A recent study may be able to back up the suggestion that amputees may be experiencing various sensations and neuropathic pain while they are near cellphone towers and other technologies that produce radio-frequency electromagnetic fields.
A pair of recent studies suggests that a specific circuit in the brain controls walking, and that input to this circuit may be disrupted in Parkinson’s disease.
A community-based study suggests there may be a dose-response relationship between the amount of weight loss achieved and the level of knee osteoarthritis (OA) symptom improvement.
London-based researchers have developed an imaging technique in patients with critical limb ischemia that they suggest may reduce the need for amputation.
ReWalk Robotics Ltd announces the publication of a first-of-its-kind case study investigating the effectiveness of its ReWalk robotic exoskeleton.
A therapy using adipose-derived stem cells (ASCs) may be a possible treatment for critical limb ischemia.
Researchers suggest in a recent study that pain patients who were prescribed opioids reported no improvements in their physical functioning compared to those who were not prescribed opioids.
Researchers note in a recent study that a protein called IL-37 may play a role in helping to improve mobility after a spinal cord injury.
Research conducted by UCLA investigators suggests that hospitals that tend to refer patients to post-acute care also tend to have shorter lengths of stays and higher readmission rates.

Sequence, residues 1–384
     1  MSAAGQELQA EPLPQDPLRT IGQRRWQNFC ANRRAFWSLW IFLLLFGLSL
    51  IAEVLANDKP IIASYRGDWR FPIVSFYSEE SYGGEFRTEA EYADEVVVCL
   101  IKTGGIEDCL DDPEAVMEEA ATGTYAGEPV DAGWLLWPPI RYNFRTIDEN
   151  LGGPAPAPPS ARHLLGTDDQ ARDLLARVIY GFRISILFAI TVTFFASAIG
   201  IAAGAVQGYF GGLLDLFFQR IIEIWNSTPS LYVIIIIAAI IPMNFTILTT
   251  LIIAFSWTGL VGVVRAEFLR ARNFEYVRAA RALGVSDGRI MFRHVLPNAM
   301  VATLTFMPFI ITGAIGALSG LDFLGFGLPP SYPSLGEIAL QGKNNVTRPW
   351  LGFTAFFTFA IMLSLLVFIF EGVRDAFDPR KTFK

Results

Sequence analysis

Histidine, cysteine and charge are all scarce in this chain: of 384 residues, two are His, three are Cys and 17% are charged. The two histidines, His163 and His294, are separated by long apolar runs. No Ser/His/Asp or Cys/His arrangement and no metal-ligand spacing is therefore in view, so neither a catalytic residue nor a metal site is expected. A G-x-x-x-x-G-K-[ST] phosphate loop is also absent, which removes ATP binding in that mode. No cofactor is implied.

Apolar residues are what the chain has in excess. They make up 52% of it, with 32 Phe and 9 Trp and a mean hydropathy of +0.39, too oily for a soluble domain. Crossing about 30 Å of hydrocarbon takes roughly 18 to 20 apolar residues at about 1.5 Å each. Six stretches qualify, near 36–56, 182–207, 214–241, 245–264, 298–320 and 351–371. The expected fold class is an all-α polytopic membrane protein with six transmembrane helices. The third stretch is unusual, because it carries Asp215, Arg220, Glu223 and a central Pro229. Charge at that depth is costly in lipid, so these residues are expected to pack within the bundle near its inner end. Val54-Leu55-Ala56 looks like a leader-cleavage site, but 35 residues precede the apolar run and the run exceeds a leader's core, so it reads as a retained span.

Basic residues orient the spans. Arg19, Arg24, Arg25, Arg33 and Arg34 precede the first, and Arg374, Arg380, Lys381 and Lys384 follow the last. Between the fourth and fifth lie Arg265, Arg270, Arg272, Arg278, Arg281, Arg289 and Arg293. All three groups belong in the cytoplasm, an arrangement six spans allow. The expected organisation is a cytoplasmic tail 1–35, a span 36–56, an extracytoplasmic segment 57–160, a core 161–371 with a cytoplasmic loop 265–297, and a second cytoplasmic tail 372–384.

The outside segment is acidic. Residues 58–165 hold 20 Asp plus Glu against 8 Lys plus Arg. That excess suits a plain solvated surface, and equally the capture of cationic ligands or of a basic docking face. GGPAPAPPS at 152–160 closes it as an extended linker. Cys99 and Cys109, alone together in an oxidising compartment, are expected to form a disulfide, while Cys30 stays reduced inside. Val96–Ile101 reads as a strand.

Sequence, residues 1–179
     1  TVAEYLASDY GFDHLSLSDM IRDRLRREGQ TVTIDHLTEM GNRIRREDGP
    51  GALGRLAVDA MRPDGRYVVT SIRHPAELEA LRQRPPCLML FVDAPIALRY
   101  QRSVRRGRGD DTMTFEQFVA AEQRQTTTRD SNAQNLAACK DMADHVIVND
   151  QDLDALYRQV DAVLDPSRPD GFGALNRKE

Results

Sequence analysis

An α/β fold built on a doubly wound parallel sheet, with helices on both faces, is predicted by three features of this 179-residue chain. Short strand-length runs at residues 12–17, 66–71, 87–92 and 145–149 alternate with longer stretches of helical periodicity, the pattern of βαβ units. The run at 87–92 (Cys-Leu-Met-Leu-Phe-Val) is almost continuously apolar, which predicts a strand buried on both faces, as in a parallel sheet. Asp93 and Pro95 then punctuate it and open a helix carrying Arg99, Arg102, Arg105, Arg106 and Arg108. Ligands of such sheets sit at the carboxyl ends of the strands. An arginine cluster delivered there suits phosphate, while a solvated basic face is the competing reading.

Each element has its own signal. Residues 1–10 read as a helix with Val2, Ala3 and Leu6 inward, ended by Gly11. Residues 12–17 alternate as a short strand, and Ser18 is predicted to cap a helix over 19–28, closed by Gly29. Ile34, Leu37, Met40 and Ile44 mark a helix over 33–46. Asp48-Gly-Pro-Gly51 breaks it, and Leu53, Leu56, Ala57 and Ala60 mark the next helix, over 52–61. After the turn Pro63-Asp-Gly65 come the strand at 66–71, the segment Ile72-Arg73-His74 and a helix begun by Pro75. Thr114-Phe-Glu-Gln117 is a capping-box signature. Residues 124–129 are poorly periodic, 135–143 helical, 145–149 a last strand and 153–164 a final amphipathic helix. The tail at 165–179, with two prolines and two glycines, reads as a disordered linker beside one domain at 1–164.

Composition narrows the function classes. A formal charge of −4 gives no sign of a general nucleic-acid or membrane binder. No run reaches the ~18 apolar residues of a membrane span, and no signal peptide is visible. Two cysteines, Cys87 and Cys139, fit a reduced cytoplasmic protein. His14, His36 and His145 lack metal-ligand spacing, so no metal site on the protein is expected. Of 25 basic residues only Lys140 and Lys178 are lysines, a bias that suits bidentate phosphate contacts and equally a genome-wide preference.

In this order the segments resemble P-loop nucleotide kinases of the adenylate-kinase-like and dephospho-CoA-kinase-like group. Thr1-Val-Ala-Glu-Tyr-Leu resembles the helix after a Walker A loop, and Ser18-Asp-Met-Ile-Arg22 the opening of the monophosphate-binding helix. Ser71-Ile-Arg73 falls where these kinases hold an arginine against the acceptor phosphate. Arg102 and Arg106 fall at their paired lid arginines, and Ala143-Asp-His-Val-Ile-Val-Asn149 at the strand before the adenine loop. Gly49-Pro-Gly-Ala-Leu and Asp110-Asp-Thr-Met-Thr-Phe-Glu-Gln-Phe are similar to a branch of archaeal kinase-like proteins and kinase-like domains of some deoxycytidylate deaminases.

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Independent research from Active Controls LLC, along with MossRehab Hospital’s Gait & Motion Analysis Laboratory, suggests that the traditional armrest-mounted joystick control for power wheelchairs may be a medical risk.
A review of hospitalizations followed by stays in a post-acute care (PAC) facility finds risk factors that may contribute to rehospitalization.
In what is described as a new approach to pediatric rehabilitation, University of Delaware researchers have received a grant from the National Institutes of Health to explore the use of an interactive anthropomorphic robot called NAO. (Photo courtesy of Doug Baker, University of Delaware.)
A team of researchers recently received a grant from the National Institutes of Health (NIH) to explore the use of the NAO, a 22-inch robot, in pediatric rehabilitation.
A recent study looked at how adolescents’ knowledge that they were being monitored affected their compliance with wearing scoliosis braces.
Think that motor function recovery isn’t possible due to brain damage after a stroke? Think again, according to Johns Hopkins researchers.
Richmond, Calif-headquartered Ekso Bionics Holdings Inc announces that The MOST Study is being launched in Europe to evaluate the use of the Ekso GT robotic exoskeleton during stroke rehabilitation.
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ReWalk Robotics Ltd announces that the Department of Veterans Affairs has awarded the company a delivery order for robotic exoskeletons.
Two different studies suggest the benefits, and risks, of taking Vitamin D among specific groups of people.
Brain disease
The Ottawa 3DY screening tool, comprised of four questions, correctly identified nearly all of the older patients who were tested in an emergency department, according to a recent study.
A research team from UT Southwestern Medical Center suggests that the use of a gene-editing technique helped stop the progression of Duchenne muscular dystrophy (DMD) in young mice.
University of Louisville (UofL) scientists note that TNF receptor-associated factor 6 (TRAF6) may have a role in ensuring the vitality of stem cells that regenerate muscle tissue.